“We grouped the 12 species in this designation based on their interconnectedness and reliance on ecosystems found only on the island of Hawaiʻi,” said Lasha-Lynn Salbosa, Pacific Islands Fish and Wildlife Office listing and classification manager.

The Fish and Wildlife Services offers a short description of each species, alphabetized by scientific name:

Cyanea tritomantha (‘akū) April 2013, Hawai’i Island (Photo courtesy Karl Magnacca via USFWS Pacific)
  • Bidens hillebrandiana ssp. hillebrandiana (koʻokoʻolau) is a short-lived perennial herb that occurs in coastal and dry cliff ecosystems on rocky substrate near the shoreline. It is found on the windward eastern coast of Kohala near the northern tip of the island.
  • Cyanea marksii (hāhā) is a short-lived perennial, shrub or palm-like tree and is found on the west side of the island in the district of South Kona.
  • Cyanea tritomantha (‘akū) is a palm-like shrub distributed across the windward slopes of Mauna Kea, Mauna Loa, Kīlauea, and the Kohala Mountains.
  • Cyrtandra nanawaleensis (ha‘iwale) is a shrub or small tree found in wet forest ecosystems in the Puna district.
  • Cyrtandra wagneri (ha‘iwale, kanawao ke‘oke‘o) is a shrub or small tree found in wet forest ecosystems along the northeast side of the island.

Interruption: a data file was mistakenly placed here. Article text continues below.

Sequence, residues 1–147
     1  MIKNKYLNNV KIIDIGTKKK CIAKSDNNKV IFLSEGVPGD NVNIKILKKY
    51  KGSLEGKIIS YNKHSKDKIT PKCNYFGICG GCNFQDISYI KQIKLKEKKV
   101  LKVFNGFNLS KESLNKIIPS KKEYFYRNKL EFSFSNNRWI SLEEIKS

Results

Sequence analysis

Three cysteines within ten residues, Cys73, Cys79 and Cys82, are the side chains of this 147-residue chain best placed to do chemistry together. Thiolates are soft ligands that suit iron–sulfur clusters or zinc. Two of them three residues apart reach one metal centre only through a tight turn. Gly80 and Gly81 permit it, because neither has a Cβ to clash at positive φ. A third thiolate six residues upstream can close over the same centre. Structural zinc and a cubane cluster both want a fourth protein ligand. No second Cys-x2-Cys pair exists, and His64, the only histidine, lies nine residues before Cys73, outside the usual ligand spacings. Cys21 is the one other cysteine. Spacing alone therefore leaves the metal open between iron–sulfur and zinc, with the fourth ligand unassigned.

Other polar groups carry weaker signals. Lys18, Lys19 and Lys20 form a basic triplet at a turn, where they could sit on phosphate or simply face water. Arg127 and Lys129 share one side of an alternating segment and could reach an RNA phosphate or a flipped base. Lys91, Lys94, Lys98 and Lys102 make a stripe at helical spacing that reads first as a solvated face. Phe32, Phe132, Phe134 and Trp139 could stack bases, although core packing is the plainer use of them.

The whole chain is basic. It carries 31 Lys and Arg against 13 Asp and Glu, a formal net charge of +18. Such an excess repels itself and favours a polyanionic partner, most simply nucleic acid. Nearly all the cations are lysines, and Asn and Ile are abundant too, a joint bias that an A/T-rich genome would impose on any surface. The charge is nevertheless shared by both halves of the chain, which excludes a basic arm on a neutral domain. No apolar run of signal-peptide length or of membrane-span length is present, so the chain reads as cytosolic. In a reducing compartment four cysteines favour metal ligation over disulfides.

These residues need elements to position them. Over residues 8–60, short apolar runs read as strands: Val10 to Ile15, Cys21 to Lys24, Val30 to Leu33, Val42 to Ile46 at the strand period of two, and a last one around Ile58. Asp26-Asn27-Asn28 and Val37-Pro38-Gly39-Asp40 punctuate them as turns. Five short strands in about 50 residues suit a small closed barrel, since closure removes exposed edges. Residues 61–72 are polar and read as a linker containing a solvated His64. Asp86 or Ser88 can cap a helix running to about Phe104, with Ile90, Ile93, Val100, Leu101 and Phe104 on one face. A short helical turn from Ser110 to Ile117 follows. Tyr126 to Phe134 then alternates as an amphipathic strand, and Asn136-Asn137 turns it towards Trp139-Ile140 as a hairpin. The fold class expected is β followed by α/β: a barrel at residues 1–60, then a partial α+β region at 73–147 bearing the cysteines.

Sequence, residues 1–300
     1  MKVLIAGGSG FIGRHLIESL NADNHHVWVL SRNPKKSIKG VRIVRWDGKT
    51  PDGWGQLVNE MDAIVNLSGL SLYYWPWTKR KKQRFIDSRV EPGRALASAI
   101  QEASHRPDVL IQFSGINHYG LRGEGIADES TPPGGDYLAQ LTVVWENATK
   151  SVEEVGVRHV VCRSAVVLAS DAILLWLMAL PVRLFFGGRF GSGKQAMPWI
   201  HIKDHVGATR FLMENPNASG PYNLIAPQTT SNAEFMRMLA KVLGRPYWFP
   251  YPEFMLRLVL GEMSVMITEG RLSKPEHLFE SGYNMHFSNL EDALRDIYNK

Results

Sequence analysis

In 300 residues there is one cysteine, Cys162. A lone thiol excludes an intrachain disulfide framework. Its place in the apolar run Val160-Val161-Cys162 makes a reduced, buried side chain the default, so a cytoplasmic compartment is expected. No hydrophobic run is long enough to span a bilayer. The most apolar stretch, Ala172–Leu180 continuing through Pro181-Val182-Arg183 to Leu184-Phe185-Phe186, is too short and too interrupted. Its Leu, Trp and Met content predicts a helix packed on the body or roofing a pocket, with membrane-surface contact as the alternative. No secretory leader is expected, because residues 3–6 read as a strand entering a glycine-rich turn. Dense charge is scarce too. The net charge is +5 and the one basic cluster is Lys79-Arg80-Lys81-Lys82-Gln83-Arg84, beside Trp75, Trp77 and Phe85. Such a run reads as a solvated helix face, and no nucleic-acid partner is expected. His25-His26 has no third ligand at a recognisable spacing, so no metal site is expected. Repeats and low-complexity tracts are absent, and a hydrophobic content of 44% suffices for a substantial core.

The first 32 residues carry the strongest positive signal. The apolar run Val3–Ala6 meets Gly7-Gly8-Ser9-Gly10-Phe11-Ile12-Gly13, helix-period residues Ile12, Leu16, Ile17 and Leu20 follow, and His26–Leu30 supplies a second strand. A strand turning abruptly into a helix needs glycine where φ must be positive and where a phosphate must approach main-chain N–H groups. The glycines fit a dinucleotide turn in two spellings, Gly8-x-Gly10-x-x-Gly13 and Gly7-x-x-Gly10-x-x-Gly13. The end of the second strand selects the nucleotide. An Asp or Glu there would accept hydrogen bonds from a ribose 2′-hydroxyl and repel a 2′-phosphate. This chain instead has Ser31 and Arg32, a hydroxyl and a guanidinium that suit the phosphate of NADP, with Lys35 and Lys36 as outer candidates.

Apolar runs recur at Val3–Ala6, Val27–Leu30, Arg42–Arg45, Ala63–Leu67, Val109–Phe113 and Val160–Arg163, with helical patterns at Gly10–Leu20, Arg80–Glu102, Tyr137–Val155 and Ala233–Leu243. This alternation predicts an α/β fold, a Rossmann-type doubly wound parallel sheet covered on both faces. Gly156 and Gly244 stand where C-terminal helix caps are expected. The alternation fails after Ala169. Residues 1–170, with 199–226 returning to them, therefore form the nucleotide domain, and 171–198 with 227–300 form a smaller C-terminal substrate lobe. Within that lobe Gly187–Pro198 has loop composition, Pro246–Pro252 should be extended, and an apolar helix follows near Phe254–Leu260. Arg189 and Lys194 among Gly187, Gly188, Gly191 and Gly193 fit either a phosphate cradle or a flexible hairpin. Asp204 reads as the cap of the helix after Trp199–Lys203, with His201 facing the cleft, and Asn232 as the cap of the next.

• Melicope remyi (no common name) is a long-lived perennial shrub found on the windward slopes of the Kohala Mountains and Mauna Kea.
  • Phyllostegia floribunda (no common name) is a perennial shrub found in mesic forest and wet forest ecosystems along the eastern side of the island.
  • Pittosporum hawaiiense (hōʻawa, hāʻawa) is a small tree found in mesic and wet ecosystems on the island.
  • Schiedea diffusa ssp. macraei (no common name) is a perennial climbing herb found in the wet forest ecosystem of the Kohala Mountains and the windward slopes of Mauna Loa.
  • Schiedea hawaiiensis (māʻoliʻoli) is a perennial herb, and at the time of listing, occurs only at a single site in dry forest habitat between Mauna Loa and Mauna Kea mountains.
  • Stenogyne cranwelliae (no common name) is a vine found in the Kohala Mountains in wet forest habitat.

The Hawaiʻi picture-wing fly, Drosophila digressa, has historically been found in five locations on the island in elevations from 2,000 to 4,500 feet in mesic forest and wet forest habitats.

The Hawaiʻi picture-wing fly (Drosophila digressa) (Photo courtesy Hawai’i Dept. Land & Natural Resources)

Critical habitat is a tool of the Endangered Species Act that supports the continued conservation of imperiled species by guiding cooperation within the federal government.

Identifying critical habitat also informs landowners and the public which specific areas are important to a species’ conservation and recovery. The Service can also make the determination to not designate critical habitat when a designation would likely increase the threat of collection, vandalism, or incidental habitat degradation.

The Service declined to designate critical habitat for two more imperiled species, the loulu palm, Pritchardia lanigera,, and ʻopāe pond shrimp, Vetericaris chaceorum.

The Service claimed that designating critical habitat may increase the likelihood these species would be taken by collectors.

Feature image: This photo, taken between 2007 and 2014 at Pohakuloa Training Area, PTA, on Hawaii Island, is of the rare but still unprotected endemic plant Schiedea hawaiiensis (māʻoliʻoli). (Photo by PTA Natural Resources Office)